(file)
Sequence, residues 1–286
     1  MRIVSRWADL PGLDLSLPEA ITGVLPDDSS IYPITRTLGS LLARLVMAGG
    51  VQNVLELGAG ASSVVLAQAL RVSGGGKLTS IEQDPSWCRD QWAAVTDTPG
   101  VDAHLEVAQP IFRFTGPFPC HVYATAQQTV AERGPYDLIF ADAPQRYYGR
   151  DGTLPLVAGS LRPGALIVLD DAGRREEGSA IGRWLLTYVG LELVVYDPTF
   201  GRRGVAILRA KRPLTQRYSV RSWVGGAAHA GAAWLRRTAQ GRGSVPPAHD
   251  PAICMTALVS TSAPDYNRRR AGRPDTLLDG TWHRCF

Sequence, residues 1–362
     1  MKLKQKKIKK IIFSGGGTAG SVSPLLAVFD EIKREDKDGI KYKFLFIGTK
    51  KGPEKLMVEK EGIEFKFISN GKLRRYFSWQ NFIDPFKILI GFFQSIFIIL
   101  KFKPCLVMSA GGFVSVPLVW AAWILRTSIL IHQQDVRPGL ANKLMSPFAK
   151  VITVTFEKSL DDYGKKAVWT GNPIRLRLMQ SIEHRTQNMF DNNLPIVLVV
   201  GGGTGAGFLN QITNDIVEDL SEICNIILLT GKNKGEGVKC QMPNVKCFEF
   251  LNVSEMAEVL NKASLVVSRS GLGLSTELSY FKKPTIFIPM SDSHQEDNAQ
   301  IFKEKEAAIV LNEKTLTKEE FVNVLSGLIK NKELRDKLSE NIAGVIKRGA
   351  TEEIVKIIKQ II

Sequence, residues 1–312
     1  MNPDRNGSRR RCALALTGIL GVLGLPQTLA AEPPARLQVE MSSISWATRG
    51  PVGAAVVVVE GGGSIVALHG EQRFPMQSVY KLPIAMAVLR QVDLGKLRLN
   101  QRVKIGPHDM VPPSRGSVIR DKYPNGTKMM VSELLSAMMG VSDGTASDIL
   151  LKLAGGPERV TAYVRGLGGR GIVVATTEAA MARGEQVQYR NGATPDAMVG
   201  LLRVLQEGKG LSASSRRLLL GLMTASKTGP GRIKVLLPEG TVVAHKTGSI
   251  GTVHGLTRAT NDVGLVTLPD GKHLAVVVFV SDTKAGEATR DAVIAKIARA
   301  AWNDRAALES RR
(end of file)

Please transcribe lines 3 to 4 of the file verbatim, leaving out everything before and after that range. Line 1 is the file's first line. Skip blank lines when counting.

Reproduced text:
    51  VQNVLELGAG ASSVVLAQAL RVSGGGKLTS IEQDPSWCRD QWAAVTDTPG
   101  VDAHLEVAQP IFRFTGPFPC HVYATAQQTV AERGPYDLIF ADAPQRYYGR